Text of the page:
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Sinkholes caused by dissolving limestone can collapse with disastrous results. Adam Faroni ’04 (Granby, Conn.) and Sandra Henning ’05 (Jarrettsville, Md.) are helping prevent such catastrophes by assessing a cavern on Lafayette’s campus.

Henning and Faroni are working as EXCEL Scholars with Mary Roth, associate professor of civil and environmental engineering. In EXCEL, students work closely with faculty on research while earning a stipend.

Roth received a $76,749 grant from the National Science Foundation for research on improving methods of investigating sites located in sinkhole areas. Through a Fulbright Grant, she pursued research last year in multi-electrode earth resitivity testing in Oslo, Norway, with the Norwegian Geotechnical Institute. Through her work as a geotechnical engineer, she designs foundations, dams, and tunnels. She has provided private consulting services for a number of years, including work in dam rehabilitation

The research team is examining a cave located below Lafayette’s Metzgar Field and plan to determine the cavern’s dimensions using lasers, a digital camera, and multi-electrode earth resistivity testing, which measures the electrical contrasts between different geological materials.

The cave, detected as an anomaly in a ground surveillance test, was formed as rainwater and underground water flow dissolved limestone deposits. Such caves are common and resulting voids may cause land to collapse.

Henning, a civil engineering major, is studying the sinkhole formation process and the principles of using resistivity as a site investigation tool. She is also helping Roth conduct initial calculations to determine the usefulness of an alternative measurement technique.

A mechanical engineering major, Faroni is designing the mechanical equipment that will be used to measure the cave’s dimensions, including laser devices that consist of a tripod on the ground surface attached to a “rotateable” shaft with a retracting laser on the bottom.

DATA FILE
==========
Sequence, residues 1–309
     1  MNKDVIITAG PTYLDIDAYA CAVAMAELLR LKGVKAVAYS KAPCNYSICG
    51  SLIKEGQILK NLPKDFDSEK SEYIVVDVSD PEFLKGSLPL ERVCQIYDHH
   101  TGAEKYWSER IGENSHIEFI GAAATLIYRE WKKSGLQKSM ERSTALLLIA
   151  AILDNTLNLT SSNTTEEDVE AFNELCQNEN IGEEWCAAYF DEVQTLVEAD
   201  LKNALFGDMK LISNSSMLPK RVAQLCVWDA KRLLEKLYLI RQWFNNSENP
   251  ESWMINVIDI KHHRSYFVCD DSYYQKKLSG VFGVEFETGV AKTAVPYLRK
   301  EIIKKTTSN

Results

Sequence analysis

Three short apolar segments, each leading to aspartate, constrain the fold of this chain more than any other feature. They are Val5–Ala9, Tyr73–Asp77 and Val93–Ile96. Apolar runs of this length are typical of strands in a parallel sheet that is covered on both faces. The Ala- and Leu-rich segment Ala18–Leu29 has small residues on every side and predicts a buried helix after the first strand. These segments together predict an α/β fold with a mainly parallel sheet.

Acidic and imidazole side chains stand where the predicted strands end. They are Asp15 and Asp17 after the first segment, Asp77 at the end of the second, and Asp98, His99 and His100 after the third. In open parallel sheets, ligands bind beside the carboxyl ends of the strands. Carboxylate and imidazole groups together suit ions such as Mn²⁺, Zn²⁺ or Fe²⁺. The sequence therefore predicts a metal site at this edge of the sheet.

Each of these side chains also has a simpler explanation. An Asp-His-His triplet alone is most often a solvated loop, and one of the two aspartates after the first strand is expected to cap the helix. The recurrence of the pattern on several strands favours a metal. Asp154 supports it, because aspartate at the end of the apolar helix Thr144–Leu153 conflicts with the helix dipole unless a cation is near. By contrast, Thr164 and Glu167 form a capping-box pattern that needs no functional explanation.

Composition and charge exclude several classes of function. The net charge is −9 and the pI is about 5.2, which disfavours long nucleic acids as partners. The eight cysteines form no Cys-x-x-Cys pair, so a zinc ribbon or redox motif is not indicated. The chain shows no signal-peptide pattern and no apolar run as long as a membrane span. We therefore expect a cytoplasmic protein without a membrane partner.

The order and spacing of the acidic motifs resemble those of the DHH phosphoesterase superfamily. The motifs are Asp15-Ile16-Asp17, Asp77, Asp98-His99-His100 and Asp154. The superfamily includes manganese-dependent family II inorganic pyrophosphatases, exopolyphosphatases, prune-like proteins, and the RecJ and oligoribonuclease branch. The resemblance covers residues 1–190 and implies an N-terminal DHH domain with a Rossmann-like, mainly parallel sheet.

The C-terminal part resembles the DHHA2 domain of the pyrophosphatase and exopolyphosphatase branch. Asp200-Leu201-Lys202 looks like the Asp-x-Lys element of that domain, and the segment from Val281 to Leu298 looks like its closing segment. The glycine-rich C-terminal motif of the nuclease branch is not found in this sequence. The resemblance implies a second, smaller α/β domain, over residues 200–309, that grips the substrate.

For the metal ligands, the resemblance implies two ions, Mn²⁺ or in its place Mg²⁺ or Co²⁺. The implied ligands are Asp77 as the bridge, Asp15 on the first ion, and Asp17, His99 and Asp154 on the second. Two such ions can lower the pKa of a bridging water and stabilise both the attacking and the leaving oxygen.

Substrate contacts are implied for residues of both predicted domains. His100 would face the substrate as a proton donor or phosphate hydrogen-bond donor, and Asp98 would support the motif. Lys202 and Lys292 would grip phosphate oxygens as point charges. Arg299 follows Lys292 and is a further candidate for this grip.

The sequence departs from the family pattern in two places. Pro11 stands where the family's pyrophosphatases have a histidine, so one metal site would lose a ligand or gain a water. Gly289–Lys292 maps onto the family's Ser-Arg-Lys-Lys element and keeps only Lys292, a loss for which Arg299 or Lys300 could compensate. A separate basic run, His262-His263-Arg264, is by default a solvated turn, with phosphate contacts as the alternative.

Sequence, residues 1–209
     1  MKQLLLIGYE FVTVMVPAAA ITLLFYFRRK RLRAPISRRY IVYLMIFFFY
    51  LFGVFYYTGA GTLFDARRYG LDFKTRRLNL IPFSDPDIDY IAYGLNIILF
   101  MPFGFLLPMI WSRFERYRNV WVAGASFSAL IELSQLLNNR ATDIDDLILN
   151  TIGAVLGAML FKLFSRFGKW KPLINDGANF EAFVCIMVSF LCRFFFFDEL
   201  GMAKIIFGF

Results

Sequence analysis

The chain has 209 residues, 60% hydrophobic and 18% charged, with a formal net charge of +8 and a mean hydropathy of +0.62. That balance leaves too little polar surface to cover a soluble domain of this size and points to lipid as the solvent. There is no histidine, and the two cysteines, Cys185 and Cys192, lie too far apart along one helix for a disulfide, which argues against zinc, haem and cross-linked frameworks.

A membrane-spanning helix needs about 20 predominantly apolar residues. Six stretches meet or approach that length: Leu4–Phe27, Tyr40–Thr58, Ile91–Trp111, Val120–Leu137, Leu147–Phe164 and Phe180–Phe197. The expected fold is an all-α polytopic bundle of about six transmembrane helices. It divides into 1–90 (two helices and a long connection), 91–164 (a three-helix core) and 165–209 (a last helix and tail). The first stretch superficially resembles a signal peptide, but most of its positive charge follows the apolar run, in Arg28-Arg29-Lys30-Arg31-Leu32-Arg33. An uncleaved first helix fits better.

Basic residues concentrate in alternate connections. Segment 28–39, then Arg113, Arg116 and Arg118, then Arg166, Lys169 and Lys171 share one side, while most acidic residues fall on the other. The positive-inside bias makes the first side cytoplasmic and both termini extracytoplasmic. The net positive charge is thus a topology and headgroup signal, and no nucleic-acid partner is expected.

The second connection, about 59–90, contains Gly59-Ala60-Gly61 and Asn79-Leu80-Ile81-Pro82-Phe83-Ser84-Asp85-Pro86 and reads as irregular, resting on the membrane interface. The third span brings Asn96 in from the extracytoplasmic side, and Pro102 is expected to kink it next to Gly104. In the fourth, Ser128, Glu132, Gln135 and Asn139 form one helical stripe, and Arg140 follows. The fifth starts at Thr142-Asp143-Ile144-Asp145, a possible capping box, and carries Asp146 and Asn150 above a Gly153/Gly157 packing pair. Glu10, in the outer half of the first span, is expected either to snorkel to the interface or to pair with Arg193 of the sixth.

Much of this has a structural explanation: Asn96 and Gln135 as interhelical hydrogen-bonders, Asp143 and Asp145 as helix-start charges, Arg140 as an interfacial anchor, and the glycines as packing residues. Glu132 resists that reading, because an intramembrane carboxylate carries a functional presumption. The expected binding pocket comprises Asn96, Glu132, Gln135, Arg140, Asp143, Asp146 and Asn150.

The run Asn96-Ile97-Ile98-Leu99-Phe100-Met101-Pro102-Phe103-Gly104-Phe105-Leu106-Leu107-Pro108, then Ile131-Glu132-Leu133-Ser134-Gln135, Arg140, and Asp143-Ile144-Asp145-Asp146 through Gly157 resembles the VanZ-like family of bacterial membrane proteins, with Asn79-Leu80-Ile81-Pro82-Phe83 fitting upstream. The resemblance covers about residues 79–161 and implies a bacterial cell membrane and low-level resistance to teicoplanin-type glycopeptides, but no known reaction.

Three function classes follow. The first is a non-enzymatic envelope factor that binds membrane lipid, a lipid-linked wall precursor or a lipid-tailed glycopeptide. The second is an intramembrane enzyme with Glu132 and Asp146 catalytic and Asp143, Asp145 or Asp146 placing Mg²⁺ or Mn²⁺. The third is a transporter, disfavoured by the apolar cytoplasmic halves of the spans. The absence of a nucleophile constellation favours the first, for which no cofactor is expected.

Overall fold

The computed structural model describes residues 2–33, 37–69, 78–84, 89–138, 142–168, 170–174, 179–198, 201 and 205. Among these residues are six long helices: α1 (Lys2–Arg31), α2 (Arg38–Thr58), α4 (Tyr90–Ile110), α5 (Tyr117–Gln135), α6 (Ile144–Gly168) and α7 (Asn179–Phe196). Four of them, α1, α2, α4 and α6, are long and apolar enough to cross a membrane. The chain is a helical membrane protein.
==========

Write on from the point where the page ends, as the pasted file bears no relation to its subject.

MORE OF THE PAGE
Because the cave has no entrance, the measurement devices must fit down two separate holes drilled into the cave. The researchers have designed a setup with two lasers and one camera that will be sent down the holes. The two lasers will rotate to shine beams at the same point on the wall. The camera will be used to determine the location of the beams, and measure the resulting angles between the two devices to determine the distance to the wall of the cave.

“The biggest obstacle we face is the functionality of the retracting end of the laser,” Faroni says. “We will be trying different setups in the coming weeks so that the retracting laser will be 100 percent effective. I have really enjoyed this project because it has allowed me to use creativity to design a useful tool that may lead to a new method for determining cave volumes.”

Faroni says the plan is to do a 360-degree sweep of the cave in ascending planes, working from the bottom to the top. By measuring the distance between each level, they will be able to calculate the volume of the cave.

“So far, the project is going well,” says Henning. “I’m developing a simple formula to compute the distance between the digital camera and photographed objects using the pixel differences. In addition, I have been learning about the geographic region were Lafayette is located.”

Henning describes Roth as “a great adviser” with an amazing knowledge of the subject and a strong desire to share it.

Faroni says Roth presented him with a golden opportunity by suggesting that he design two laser devices to measure the volume of the cave, and explains that she has been very helpful, offering valuable insight into ways of overcoming the project’s obstacles.

“The small class sizes, in combination with Lafayette’s engineering resources, have been a major plus,” he says. “I find the students are supportive of one another and willing to take time to help fellow classmates.”

“The project is still in its initial phase, and both students are making excellent progress in their respective areas,” Roth says. “I hope they will both gain experience in developing a research approach to an engineering problem and next summer implement that approach in a real situation.”

Roth is encouraging the students to publish the results of their work and present the paper at a professional conference.


Mechanical engineering major Adam Faroni ’04 is doing EXCEL Scholars research with Mary Roth, associate professor of civil and environmental engineering, that may help prevent the disastrous effects of collapsing sinkholes.

Categorized in: Academic News